He said city leaders have two main reasons for the proposed annexation. He said the first reason is to support the city’s unified vision for areas projected to experience growth.

“[We want to] have city development codes and zoning in those areas,” Cagle said. “[Some county residents] have plans to build RV [and] boat storage and [other businesses] that people don’t like to see on a major thoroughfare. … There are lots of commercial, retail, even residential uses that would have more value than RV or boat storage, metal buildings or mechanic shops.”

For instance, the city’s future land-use map—a document meant to guide future zoning decisions—recommends two small neighborhood retail centers in northwest Leander near CR 279/Bagdad Road. The proposed retail sites are partially located outside the city limit.

Cagle said the council’s second reason for annexation is to ensure county residents pay for city services they receive.

“They’re using a lot of city parks and streets,” he said. “Some of them get city fire protection.”

Receiving city services

County residents who live in  Leander’s ETJ have city addresses, but pay county taxes and do not receive some city services, such as utilities including water and sewer services. They receive emergency protection through the Williamson County Sheriff’s Office.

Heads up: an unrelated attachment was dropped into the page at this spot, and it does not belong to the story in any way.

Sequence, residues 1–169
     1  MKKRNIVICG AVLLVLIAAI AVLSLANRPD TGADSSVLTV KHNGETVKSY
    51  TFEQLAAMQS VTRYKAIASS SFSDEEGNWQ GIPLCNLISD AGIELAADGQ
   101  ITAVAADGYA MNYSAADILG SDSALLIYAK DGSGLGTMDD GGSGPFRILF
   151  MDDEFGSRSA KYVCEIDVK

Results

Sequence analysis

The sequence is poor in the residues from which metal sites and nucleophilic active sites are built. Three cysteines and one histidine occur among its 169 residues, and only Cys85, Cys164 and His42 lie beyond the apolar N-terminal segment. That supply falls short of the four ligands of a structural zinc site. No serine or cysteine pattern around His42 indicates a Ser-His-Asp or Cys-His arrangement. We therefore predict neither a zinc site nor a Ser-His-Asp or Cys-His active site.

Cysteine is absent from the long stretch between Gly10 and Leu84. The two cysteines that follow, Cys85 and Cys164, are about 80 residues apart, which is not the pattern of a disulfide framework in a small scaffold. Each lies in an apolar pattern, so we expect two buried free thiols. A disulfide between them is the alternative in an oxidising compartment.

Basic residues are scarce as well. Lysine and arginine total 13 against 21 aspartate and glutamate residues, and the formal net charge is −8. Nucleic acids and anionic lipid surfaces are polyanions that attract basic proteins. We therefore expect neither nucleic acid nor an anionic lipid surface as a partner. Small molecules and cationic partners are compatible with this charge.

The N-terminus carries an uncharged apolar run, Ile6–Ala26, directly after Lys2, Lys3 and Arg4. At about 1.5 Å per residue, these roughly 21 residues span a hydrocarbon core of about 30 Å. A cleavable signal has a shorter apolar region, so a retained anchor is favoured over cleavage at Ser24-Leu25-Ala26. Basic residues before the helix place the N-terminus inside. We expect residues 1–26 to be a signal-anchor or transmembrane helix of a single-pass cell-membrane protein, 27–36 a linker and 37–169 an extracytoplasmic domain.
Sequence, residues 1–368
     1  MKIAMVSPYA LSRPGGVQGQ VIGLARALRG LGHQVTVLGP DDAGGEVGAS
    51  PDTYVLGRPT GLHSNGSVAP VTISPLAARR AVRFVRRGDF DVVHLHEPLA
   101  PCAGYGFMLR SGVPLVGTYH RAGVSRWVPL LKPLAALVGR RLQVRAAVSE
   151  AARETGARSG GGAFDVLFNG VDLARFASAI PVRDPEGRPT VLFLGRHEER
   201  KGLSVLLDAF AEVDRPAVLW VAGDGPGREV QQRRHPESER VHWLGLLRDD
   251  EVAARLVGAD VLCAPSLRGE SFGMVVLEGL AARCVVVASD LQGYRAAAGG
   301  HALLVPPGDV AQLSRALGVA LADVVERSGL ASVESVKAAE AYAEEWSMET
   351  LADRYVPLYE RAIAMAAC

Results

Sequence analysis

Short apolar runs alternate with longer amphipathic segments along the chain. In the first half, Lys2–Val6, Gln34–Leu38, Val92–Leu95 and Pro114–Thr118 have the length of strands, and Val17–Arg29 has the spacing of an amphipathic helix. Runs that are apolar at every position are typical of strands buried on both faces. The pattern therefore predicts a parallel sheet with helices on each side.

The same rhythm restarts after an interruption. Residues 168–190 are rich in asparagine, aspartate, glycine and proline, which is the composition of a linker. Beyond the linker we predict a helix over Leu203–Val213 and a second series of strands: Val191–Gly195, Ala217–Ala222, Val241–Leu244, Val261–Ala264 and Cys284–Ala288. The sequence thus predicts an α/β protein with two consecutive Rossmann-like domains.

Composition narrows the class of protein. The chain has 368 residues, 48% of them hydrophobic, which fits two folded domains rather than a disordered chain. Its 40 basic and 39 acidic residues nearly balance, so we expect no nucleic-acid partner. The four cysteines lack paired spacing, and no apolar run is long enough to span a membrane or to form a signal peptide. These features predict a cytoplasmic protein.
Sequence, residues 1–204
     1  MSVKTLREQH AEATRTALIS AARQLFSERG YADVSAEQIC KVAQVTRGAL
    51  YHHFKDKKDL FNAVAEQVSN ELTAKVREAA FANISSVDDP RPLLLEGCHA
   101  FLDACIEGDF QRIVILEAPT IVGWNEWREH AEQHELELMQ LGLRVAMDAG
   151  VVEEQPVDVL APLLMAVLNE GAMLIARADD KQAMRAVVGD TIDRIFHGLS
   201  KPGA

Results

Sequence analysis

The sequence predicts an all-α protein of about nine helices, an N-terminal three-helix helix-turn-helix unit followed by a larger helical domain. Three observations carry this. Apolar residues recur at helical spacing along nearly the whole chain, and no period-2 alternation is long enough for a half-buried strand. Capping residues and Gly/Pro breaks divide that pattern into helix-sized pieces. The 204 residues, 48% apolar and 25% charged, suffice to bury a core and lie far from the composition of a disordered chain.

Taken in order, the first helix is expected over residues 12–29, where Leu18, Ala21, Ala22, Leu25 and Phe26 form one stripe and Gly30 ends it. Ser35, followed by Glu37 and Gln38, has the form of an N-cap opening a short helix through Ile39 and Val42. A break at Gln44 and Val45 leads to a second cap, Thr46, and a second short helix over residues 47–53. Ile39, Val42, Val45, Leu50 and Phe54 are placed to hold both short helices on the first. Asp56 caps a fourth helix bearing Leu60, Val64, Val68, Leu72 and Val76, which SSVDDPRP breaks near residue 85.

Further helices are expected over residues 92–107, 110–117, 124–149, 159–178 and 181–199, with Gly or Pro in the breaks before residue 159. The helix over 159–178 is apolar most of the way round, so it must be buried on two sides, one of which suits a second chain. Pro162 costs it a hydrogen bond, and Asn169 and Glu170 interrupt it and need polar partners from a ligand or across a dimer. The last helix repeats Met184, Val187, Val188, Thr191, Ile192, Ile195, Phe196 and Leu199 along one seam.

Cagle said city emergency responders are often closer to county residents and can respond quicker than county officers, meaning county residents who do not live in the city benefit from the city.

If the council approves involuntary annexation, those landowners would become full residents of the city of Leander. They would begin paying city property taxes and would officially receive coverage by Leander’s police and fire departments as well as animal control.

Leander Police Chief Greg Minton said although these residents do not pay for police services and do not often report emergencies, city officers still respond to their calls.

“If we’re called, we’re going to help [residents]” who live outside the city, Minton said. “They don’t pay for that; we don’t charge for that. … They kind of have a hidden layer of protection because obviously they’re paying for Williamson County [Sheriff’s Office services]. But we’re there as a backup.”

Residents who are annexed may also choose to pay hookup fees to connect to the city’s public utilities system and pay bills thereafter for service.